30/11/2022 Wednesday Sorry No Audio
Israel pretends to return to the Lord, but not in reality.
Chapter 7
OUTLINE OF HOSEA The Ryrie Study Bible
1. The Prodigal Wife, 1:1-3:5
A. Her Unfaithfulness, 1:1-11
B. Her Punishment, 2:1-13
C. Her Restoration and Israel’s, 2:14-23
D. Her Redemption, 3:1-5
2. The Prodigal People, 4:1-14:9
A. The Message of Judgment, 4:1-10:15
1. The indictment, 4:1-19
2. The verdict, 5:1-15
3. The plea of Israel, 6:1-3
4. The reply of the Lord, 6:4-11
5. The crimes of Israel, 7:1-16
6. The prophecy of judgment, 8:1-10:15
B. The Message of Restoration, 11:1-14:9
1. God’s love for the prodigal people, 11:1-11
2. God’s chastisement of the prodigal people, 11:12-13:16
3. God’s restoration of the prodigal people, 14:1-9
Hosea ministered to Israel
Israel is green in this map.
Judah is the yellow area.
Orange marks other countries.
Ephraim was the leading tribe in northern Israel, thus, God sometimes calls Israel Ephraim.
Samaria is the capital of Israel.
The General Crimes of Israel, Hosea 7:1-2
• Hosea 7 begins by identifying Israel’s general sins (v.1-2)
• God desired to heal Israel. Like Hosea’s feelings for his unfaithful wife, so God continues to desire Israel’s restoration.
That is just like our God!
• Then, God’s desire was prevented by their unrepentant sins.
• God knew the idolatry of Ephraim (the leading tribe).
• God knew the wickedness of Samaria (the capital where spiritual and royal people lived in sinful luxury).
• The people were full of falsehood – lies and deception
• They secretly robbed as a thief at night.
• They openly plundered as robbers in the day.
• They ignore God’s knowledge of their sin (v.2).
The Specific Crimes of Israel, Hosea 7:3-16
• Hosea addresses specific crimes of the court (v.3-7)
• The corrupt king is made glad by the wickedness of his people (v.3).
• The princes are made glad by the lies. They are enjoying life outside of God’s law.
• They are adulterers (v.4). What is the baker illustrating?
• The baker stops feeding the oven fire after the bread is kneaded until it rises and is ready to bake. God (the Baker) was just letting the fire
rest while their sin increased in size like the leavened loaf. God’s judgment fire had not gone out.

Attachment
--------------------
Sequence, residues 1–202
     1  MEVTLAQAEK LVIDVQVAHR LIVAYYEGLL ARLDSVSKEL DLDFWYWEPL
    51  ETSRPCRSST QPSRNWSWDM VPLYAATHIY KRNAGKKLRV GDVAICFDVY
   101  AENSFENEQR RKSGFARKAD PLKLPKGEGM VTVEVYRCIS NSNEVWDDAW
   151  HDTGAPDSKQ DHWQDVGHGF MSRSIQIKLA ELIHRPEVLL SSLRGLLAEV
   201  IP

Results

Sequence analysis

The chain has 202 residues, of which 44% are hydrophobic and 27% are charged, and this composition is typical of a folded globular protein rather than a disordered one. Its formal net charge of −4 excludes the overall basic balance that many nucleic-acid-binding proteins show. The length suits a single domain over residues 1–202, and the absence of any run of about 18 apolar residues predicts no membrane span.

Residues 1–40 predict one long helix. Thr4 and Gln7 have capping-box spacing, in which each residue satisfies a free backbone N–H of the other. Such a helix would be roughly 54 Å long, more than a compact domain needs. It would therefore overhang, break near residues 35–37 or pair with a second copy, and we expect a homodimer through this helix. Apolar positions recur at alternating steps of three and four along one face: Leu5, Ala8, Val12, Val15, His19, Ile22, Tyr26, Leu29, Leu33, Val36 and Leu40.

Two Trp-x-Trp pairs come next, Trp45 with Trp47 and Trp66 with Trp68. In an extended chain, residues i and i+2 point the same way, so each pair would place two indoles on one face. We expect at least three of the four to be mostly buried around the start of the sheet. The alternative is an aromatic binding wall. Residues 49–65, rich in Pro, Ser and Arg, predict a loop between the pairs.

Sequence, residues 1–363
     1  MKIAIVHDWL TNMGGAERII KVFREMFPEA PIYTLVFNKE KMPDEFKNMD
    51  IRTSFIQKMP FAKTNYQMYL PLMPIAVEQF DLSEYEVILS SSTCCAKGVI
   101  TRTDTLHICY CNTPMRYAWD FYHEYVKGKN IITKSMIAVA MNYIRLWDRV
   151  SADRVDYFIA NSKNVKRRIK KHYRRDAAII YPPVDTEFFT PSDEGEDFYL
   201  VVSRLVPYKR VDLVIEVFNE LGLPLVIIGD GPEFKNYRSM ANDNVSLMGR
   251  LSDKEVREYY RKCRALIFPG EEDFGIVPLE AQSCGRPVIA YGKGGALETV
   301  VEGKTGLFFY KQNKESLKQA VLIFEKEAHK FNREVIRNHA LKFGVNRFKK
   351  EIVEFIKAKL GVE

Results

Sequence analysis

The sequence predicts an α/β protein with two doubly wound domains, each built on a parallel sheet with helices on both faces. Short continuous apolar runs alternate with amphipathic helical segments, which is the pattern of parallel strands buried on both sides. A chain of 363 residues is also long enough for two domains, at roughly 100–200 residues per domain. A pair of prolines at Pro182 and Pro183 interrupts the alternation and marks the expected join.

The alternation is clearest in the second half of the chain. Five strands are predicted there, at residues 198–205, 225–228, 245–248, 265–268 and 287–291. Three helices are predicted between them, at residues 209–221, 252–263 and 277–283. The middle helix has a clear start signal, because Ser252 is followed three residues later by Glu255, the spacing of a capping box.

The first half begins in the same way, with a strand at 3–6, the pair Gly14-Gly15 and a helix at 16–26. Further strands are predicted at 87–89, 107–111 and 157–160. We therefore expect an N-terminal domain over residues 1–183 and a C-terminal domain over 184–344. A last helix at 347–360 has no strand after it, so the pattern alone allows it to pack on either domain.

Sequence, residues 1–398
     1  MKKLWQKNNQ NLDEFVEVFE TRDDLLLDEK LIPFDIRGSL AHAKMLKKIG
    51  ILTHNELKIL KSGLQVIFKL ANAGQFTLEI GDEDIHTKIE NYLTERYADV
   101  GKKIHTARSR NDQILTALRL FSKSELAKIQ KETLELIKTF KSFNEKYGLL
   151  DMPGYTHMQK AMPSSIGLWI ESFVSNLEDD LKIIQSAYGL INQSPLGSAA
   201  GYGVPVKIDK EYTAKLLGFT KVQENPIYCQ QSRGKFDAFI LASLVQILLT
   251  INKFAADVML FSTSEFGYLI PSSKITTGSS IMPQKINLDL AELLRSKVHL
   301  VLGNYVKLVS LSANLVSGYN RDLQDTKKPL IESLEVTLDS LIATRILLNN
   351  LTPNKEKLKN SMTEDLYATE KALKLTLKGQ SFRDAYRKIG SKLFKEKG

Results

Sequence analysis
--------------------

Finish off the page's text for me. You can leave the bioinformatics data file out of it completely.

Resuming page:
• The day of the king may be his birthday or coronation day (v.5). The princes made him drunk and foolish.
• Here the lusts of their hearts are heated like an oven, and they will burst into flame (v.6). Since the nation split, nine of
her kings were murdered.
• Like a hot fire, they have destroyed themselves (v.7).
The Specific Crimes of Israel, Hosea 7:3-16
• Hosea addresses specific crimes of the country (v.8-16)
• Ephraim mixed himself among the people (v.8). They followed the heathen ways of the Gentiles and of foreign countries.
They were like an un-turned pancake. KJBC states, “As far as religious activity is concerned, they are overdone. But so far
as their attitude and reality towards God is concerned, they are raw.”
• Ephraim had lost his strength (from the Lord) and he did not know it (v.9). He was like an aging man, but he did not know
that either.
• The nation was too proud to return to the Lord nor to seek Him in all their problems (v.10). Sadly, our pride does that to
us as well.
• The silly dove without heart is a deceived dove that does not comprehend a trap (v.11). Like that dove, Ephraim turn to
heathen nations for help.
• God will spread His net for them and will chasten them (v.12).
The Specific Crimes of Israel, Hosea 7:3-16
• Fleeing from God always brings grief (v.13). Woe is a cry of grief.
• The Lord must send chastening destruction on them because they sinned against Him. Though the Lord redeemed them,
they lied about Him.
• God knew their hearts (v.14). Their cries for help were not sincere.
• After crying to God, they assembled to eat and drink (likely in their temples) and rebel against the Lord.
• God had bound (i.e., instructed) and strengthened their arms, yet they plan evil against the Lord (v.15).
• They pretend to return, but not truly to God (v.16). They act like a deceitful (i.e., weak) bow whose arrow does not reach
the mark.
• Their princes (rulers) would fall by the sword. Truly this happened to them.
Note similes and metaphors in this chapter
• as an oven heated by the baker (v.4) – pending judgment
• made ready their heart like an oven (v.6) – evil planning in the night
• as a flaming fire (v.6) – hot and ready to cook
• hot as an oven (v.7) – burning hot with lust
• Ephraim is a cake not turned (v.8) – overdone religion, underdone spirituality
• like a silly dove without heart (v.11) – deceived
• as the fowls of the heaven (v.12) – fall when trapped or shot
• like a deceitful bow (v.16) – looks good but weak
Applications for Us Today
• God wants our whole heart. He knows if we are truly yielded to Him or not.
• One of the worst things we can do is to plan evil in our minds, thinking that God does not know. The devil
may make it sound good, but he is a liar.
• God does not want us to be unturned pancakes – religiously over done on one side, but spiritually raw on
the other side.
• Similarly, we must not look like a strong Christian on the outside, but be as weak as a deceitful bow on the
• How does God view your relationship with Him?